The version of "Mack the Knife" that Bobby Darin sings is a relatively late translation by Marc Blitzstein. Blitzstein's English version of Die Dreigroschenoper hit the stage off-Broadway in 1954 and had a very successful six-year run. "Mack the Knife," or "The Ballad of Mack the Knife," was retranslated from the original "Die Moritat von Mackie Messer."
Blitzstein did a lot to jazz up the lyrics for the times. A translation from the 1930s had never caught on as a popular song even after a Broadway run. Blitzstein added "dear" at the end of many of the lines, partly to make up for the difference in syllables from German to English. He also came up with some of the most famous lines as we know them: Oh the shark has pretty teeth dear / And he shows them pearly white / Just a jack-knife has Macheath dear / And he keeps it out of sight. The literal German on these lines is quite a bit less colorful, going something like: And the shark, it has teeth / And it wears them in its face / And Macheath, he has a knife / But the knife one doesn't see. If those lines are truly scary-sounding in the German, it's certainly lost in literal translation. Blitzstein's graceful translation restored the song's real power, the power of bloody descriptiveness.
The effect of these little changes created the perfect material for a popular song. After all, people love a thrill—within limits, of course. Blitzstein did choose to remove the song's last two verses, the ones about rape and arson, which might have pushed 1950s audiences just a little bit past those limits: And the ghastly fire in Soho / Seven children at a go / In the crowd stands Mack the knife, but /He's not asked and doesn't know…And the child bride in her nightie / Whose assailant's still at large / Violated in her slumbers / Mackie how much did you charge? In fact, we're thinking those last two verses probably wouldn't make it far in a pop song even today.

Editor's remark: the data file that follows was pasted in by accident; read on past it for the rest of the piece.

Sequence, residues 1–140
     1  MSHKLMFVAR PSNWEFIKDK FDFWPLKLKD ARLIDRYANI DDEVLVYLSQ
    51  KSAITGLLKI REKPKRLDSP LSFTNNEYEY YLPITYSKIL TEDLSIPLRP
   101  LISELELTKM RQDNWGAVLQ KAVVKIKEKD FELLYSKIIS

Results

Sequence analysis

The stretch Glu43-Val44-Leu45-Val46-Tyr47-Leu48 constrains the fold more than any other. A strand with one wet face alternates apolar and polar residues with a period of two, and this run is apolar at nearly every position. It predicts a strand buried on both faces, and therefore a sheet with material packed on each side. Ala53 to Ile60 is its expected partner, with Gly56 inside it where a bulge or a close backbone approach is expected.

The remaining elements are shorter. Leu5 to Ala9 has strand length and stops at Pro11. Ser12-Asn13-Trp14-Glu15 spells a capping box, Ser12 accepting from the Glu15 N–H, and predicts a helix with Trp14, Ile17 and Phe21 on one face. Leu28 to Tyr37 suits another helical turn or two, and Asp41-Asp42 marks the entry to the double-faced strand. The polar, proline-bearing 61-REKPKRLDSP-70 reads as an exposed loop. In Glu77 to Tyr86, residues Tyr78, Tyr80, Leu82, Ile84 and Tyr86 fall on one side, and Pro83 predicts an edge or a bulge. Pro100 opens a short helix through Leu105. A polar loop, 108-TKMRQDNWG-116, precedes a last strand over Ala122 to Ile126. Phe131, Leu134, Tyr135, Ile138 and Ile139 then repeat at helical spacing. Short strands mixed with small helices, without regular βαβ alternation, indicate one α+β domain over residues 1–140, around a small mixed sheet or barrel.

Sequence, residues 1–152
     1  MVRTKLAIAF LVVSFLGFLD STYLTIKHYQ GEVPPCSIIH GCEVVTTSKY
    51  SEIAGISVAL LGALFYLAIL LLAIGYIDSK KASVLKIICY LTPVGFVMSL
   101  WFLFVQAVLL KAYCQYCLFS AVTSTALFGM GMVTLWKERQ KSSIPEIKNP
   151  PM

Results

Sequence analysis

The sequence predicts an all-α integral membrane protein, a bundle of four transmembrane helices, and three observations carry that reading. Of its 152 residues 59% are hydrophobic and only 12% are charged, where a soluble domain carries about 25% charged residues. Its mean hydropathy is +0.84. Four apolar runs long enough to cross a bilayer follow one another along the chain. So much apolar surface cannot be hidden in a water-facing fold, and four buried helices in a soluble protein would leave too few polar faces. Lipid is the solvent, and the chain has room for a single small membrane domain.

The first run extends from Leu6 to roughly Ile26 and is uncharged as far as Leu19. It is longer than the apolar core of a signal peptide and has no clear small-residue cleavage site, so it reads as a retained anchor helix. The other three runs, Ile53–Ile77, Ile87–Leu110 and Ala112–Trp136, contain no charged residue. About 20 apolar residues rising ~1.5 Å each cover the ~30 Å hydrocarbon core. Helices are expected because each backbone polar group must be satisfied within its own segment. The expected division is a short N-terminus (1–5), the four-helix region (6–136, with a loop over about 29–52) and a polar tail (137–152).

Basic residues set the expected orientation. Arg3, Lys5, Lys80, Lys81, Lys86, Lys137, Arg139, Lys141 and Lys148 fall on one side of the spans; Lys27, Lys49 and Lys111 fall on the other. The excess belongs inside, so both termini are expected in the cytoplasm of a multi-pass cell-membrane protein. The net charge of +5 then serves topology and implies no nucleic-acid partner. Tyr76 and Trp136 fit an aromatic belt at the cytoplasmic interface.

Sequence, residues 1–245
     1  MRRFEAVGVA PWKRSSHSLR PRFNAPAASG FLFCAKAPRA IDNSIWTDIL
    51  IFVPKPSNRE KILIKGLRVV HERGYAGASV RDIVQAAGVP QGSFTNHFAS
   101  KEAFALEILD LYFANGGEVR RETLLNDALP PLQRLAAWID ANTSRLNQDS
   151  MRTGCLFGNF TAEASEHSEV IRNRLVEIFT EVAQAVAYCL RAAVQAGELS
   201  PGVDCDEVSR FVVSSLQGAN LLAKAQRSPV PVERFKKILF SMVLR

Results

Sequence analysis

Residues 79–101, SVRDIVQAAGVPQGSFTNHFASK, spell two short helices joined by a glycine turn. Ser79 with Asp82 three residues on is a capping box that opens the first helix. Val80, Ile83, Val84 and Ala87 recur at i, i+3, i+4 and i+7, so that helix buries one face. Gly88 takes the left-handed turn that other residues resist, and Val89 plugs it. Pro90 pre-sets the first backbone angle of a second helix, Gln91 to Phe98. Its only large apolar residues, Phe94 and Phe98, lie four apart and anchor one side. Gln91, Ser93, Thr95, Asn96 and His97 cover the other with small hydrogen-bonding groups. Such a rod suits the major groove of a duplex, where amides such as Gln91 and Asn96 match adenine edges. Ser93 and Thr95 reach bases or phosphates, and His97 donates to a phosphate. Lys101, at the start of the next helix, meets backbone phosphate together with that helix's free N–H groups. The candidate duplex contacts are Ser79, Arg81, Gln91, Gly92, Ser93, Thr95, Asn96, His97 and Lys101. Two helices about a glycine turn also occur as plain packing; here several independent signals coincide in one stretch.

This stuff actually puts a lot of gangsta rap to shame for creepiness content, although it certainly has some latter day contenders. The takeaway point is not so much that some songs are scarier than others, but that being sinister—and knowing when to stop or slow down—really is an art all its own.